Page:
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22 Oct 2022
Coconut Braised Collards


  • 1 large bunch collard greens, coarsely chopped (include stems!) (I aim for 2”x1/2”, ish)
  • 1 tbsp butter
  • 1 tbsp coconut oil
  • 1 bunch (6 to 8) scallions, thinly sliced
  • 250g unsweetened coconut milk (one of the little aroy-d boxes)
  • 1 tbsp soy sauce (japanese, or light chinese)


  1. Fry scallions in oil+butter until soft, about a minute.

  2. Add collards, continue to stir just until they’re wilted.

  3. Add coconut milk and soy sauce. Simmer, uncovered, stirring frequently, until done. I really like to push until the collards are dark and soft and the liquid is pretty much gone other than an oily creamy sheen.

  4. Season with salt and pepper.


Adapted from Von Diaz/nytimes

22 Oct 2022
Ottolenghi's Smoky Cauliflower Frittata


  • 1 cauliflower, cut into large florets
  • 6 large eggs
  • 4 tbsp [crème fraîche or greek yogurt or sour cream, shrug]
  • 1 tbsp Dijon mustard
  • 1 tsp sweet smoked paprika
  • 3 tbsp chives, finely chopped
  • 150g smoked scamorza, grated (including the skin)
  • 50g cheddar, grated


  1. Blanche the cauliflower in salted water until semi-soft, then drain and let dry.

  2. Preheat the oven to 375F.

  3. Whisk together the eggs, crème fraîche, mustard, and paprika, then stir in the chives and 3/4 of the cheeses and season with salt and pepper.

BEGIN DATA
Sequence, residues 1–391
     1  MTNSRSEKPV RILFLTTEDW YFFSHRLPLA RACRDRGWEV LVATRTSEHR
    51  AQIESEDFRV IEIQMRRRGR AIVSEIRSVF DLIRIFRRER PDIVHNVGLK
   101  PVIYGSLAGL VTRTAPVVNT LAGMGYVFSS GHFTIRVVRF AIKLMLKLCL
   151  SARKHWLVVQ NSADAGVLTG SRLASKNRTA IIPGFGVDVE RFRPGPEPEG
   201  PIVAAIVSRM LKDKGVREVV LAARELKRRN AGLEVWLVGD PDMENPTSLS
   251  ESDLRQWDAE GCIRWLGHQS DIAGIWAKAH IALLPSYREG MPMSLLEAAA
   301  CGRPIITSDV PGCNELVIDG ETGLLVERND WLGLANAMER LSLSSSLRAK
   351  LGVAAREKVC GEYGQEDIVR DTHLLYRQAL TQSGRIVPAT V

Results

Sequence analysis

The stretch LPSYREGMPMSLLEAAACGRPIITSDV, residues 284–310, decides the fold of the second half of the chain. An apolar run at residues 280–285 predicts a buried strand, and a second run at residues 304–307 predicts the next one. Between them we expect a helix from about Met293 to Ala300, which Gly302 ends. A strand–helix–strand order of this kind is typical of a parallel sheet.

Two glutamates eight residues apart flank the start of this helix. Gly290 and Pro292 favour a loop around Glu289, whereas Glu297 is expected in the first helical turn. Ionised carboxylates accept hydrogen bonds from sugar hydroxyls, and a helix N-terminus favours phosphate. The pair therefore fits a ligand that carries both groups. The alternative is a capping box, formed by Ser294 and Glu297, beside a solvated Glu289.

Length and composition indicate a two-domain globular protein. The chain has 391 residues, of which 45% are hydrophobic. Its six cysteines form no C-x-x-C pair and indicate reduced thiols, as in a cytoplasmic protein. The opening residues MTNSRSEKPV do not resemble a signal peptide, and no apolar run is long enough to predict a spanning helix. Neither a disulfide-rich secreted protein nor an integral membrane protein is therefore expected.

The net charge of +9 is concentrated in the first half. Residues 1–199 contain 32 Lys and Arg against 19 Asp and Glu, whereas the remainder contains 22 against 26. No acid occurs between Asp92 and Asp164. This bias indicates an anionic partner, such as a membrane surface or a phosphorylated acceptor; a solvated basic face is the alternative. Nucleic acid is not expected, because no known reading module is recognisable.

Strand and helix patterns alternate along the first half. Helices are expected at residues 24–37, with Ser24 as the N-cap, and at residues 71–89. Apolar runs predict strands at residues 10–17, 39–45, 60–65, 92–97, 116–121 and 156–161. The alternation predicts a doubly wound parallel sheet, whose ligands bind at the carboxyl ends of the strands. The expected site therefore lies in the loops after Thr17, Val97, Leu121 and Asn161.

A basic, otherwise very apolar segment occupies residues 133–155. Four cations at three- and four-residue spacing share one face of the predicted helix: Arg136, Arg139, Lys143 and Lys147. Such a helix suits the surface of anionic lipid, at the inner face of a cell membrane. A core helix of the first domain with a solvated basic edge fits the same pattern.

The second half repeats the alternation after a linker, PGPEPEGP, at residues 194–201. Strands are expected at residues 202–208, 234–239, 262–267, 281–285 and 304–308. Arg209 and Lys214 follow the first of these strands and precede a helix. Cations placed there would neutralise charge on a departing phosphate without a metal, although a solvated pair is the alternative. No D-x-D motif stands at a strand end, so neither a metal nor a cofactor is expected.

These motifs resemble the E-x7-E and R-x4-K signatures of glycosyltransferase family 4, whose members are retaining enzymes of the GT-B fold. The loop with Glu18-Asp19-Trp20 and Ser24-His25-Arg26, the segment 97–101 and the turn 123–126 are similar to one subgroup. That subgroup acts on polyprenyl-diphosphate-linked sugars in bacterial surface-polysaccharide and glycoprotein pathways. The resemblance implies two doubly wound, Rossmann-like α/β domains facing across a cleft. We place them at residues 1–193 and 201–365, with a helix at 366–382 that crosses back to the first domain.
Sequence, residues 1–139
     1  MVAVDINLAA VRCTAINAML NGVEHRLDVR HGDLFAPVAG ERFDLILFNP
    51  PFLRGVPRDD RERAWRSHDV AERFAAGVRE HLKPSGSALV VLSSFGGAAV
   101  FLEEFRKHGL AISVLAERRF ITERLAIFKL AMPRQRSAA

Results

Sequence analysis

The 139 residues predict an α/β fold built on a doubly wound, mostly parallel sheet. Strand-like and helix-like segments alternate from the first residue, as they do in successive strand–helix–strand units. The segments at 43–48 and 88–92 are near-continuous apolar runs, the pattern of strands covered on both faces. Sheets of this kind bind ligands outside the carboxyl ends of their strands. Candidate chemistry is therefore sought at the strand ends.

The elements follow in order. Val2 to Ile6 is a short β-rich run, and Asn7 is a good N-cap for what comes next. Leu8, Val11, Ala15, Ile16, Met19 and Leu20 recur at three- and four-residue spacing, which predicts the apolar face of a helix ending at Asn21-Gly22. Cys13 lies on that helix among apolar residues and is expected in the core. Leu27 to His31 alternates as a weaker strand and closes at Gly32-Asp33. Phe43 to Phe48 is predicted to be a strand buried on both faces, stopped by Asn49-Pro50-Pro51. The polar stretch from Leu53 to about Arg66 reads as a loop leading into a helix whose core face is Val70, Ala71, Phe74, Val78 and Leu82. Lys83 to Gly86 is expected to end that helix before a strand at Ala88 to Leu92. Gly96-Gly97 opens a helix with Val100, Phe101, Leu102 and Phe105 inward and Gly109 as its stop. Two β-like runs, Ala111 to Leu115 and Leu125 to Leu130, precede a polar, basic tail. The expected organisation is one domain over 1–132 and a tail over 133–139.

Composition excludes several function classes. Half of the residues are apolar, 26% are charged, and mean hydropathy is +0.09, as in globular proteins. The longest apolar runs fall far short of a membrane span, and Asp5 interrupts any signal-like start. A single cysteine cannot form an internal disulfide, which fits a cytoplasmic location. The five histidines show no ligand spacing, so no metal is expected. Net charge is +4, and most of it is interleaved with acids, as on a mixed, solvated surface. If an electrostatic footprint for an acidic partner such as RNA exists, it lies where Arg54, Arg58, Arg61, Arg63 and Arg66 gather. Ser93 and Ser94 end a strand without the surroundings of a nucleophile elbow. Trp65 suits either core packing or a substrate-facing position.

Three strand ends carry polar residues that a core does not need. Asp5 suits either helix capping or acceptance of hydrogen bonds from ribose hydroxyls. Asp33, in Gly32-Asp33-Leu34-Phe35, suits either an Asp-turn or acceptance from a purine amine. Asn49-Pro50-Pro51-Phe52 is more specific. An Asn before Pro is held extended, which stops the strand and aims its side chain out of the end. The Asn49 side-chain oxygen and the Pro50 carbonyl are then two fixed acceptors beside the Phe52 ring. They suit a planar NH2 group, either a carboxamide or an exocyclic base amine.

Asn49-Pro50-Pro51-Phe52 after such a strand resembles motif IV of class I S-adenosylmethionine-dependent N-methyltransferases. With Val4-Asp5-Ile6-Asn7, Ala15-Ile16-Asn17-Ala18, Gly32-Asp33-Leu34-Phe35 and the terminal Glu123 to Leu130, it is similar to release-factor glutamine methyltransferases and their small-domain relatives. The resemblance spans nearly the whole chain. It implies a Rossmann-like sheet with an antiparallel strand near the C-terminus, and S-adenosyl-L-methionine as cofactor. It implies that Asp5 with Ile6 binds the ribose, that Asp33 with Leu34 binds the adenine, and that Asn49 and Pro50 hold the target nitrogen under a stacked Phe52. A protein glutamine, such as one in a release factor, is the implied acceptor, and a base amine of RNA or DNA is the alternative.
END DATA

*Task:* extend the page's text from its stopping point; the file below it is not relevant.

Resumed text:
4. In a large, oven-proof frying pan, fry the cauliflower in olive oil until golden brown on one side, then turn off the heat.

  5. Pour in the egg mixture and spread out the cauliflower evenly in the pan.

  6. Cook on moderate heat for about five minutes, then scatter the remaining cheese on top and carefully transfer the pan to the oven.

  7. Bake for about 10-12 minutes, or until set.


This isn’t adapted except sometimes for the dairy variant, I just want to make sure to always have the recipe available with my ringing endorsement. I keep making it and loving it!

The same basic proportions work for other veg/cheeses too, so it’s easy to adapt if you like.

Also, it’s fine to just pour the eggs and cauliflower together in a baking dish and stick in the oven without cooking the whole thing on the stove first - it’ll just have to bake longer, of course.

03 Dec 2020
Golden Coin Eggs


  • 4 eggs
  • 1” ginger, finely minced
  • 3-4 cloves garlic, finely minced
  • 2 tbsp chili flakes (ideally chinese facing heaven chilis)
  • 1/2 tbsp shaoxing
  • 1/2 tbsp light soy sauce
  • cornstarch
  • 4 scallions, sliced
  • neutral oil (about 1/3 cup?)


  1. Hard-boil the eggs, then cut into 1/2” slices.

  2. Dust egg slices with cornstarch, on one side only. Basically just to hold them together a bit during the initial frying. Not necessary on slices without yolk.

  3. Get oil hot in a pan (or wok, or whatevs). Basically you want a lot of oil in there. Little bubbles level of hot.

  4. Carefully slide in the egg slices and fry for 3-4 minutes, until slightly golden brown and the oil is getting frothy.

  5. Once the oil starts getting really frothy, add chili flakes. Lower heat to medium low and stir.

  6. Stir in garlic and ginger for 15ish seconds, until fragrant.

  7. Stir in shaoxing and then light soy sauce.